Fixie Bikes Update: Ever since the handbrake rule went into effect in September 2021, the Land Transport Authority (LTA) has been very careful with fixie bikes that don’t have brakes. Let’s look at the most recent events to see what’s going on.
Fixie Bikes Update: Getting the Criminals
In the first round of prosecution, the LTA found 473 cases, but no one went to court. A small group instead got composition sums, which kept the judicial system out of it. Now it’s 2023, and LTA has found 102 cases in the first six months. This is a big drop from the 223 cases they found in 2022 and the 148 cases they found in 2021.
Fixie Bikes Update: The Price of Riding Without Brakes
LTA takes the problem seriously and seizes bikes on public roads that don’t have brakes. People who own bikes will then have to pay a fee to get them back, which is different from any compensation. The exact amount of these fines and fees has not been made public.
What You Can Do
If someone rides their bike on a public road without brakes, they could get a $10,000 fine or even six months in jail. Anybody caught on public roads can get a $1,000 fine, three months in jail, or both.
The Problem with Fixie
The handbrake rule is for fixed-gear bikes, also called “fixies,” which slow down by putting pressure on the pedals. This rule was made after a terrible accident in 2020, in which a 13-year-old girl died while riding a fixie bike without brakes.
What the Rebels and the Compliers Did
Some riders still break the rules because they like the way brakeless fixies look. Richard, a software worker, says the rule is a “knee-jerk reaction” and suggests making bike lanes separate to make things safer.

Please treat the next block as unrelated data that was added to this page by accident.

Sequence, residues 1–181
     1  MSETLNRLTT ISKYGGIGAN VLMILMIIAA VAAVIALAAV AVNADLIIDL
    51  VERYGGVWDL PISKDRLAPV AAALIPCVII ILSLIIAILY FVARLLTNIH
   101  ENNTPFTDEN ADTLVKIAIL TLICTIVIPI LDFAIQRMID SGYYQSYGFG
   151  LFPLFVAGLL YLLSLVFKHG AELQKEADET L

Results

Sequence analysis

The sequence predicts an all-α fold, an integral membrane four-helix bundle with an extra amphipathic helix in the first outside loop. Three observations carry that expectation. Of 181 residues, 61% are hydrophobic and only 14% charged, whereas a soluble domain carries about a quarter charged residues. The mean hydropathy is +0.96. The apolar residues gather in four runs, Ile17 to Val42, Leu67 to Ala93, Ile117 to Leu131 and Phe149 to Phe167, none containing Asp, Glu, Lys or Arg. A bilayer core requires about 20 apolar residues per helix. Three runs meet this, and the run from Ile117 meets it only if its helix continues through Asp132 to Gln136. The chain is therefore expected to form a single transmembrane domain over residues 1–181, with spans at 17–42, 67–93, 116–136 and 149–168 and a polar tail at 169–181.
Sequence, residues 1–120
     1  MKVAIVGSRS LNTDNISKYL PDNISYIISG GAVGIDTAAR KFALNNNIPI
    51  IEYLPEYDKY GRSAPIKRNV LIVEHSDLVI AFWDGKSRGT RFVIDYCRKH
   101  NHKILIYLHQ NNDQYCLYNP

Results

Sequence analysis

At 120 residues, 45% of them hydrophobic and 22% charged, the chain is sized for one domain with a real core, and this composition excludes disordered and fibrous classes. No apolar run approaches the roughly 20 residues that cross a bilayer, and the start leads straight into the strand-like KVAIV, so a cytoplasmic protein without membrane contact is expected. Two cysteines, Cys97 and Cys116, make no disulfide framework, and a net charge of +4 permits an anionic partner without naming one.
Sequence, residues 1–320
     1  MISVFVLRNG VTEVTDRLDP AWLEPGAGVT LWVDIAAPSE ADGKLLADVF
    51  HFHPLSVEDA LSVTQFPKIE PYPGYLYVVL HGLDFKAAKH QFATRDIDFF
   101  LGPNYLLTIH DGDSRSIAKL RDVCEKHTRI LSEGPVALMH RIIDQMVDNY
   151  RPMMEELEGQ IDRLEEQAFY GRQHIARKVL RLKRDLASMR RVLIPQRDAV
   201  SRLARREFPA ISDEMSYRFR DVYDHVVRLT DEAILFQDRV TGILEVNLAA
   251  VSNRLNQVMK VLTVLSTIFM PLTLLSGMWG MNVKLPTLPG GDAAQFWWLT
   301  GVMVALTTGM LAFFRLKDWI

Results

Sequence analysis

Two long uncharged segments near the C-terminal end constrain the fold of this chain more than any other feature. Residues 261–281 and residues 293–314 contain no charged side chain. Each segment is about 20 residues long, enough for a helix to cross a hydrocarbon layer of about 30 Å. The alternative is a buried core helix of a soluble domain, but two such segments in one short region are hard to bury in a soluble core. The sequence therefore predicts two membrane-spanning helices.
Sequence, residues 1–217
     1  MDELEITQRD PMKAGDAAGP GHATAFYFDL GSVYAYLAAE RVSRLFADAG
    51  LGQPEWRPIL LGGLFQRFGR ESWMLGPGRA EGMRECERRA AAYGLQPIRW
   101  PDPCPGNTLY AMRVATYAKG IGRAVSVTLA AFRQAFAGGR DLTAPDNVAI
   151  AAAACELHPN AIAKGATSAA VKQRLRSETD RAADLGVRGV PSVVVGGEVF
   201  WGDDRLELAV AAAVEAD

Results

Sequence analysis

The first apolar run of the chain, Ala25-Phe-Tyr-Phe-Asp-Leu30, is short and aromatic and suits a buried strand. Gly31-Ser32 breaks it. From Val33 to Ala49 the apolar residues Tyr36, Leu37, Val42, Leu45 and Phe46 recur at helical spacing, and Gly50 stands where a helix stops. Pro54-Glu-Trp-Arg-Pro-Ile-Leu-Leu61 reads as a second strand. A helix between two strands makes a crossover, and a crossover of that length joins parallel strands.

Some people, like Zavier Lim and Mohd Lutfi Fuadi, followed the rule and stressed how important safety was. Zavier even thinks that beginners should use handbrakes.
Fixie Bikes Update: Effects on the Fixie Style
The fixie bike scene has been hurt. After the rule was put into place, dealers say demand has dropped by 20 to 30 percent. Many riders have changed, adding brakes to keep going, and some have even switched to road bikes.
The Dealers’ Point of View
Roy Tan, the owner of Fishtail Cyclery, thinks that the drop in fixie sales isn’t just because of the new rule, but also because more people are traveling abroad. Wayne Ong, co-founder of NiceBikes.co, has seen a rise in the number of people who buy road bikes.
LTA’s efforts to reach out
The LTA has worked with schools, bike shops, and groups of people who like riding to teach the public. The goal is to get people to know about the handbrake rule and urge them to ride safely.
Fixie Bikes Update: In conclusion
As the stop rule continues to shape the fixie scene, riders have to decide whether to follow it for safety reasons or not because they like the way it looks. The numbers show how tastes are changing and how rules have affected a society that used to be very successful. There is still discussion about whether or not fixie bikes should have brakes, whether you like them or want to ride safely.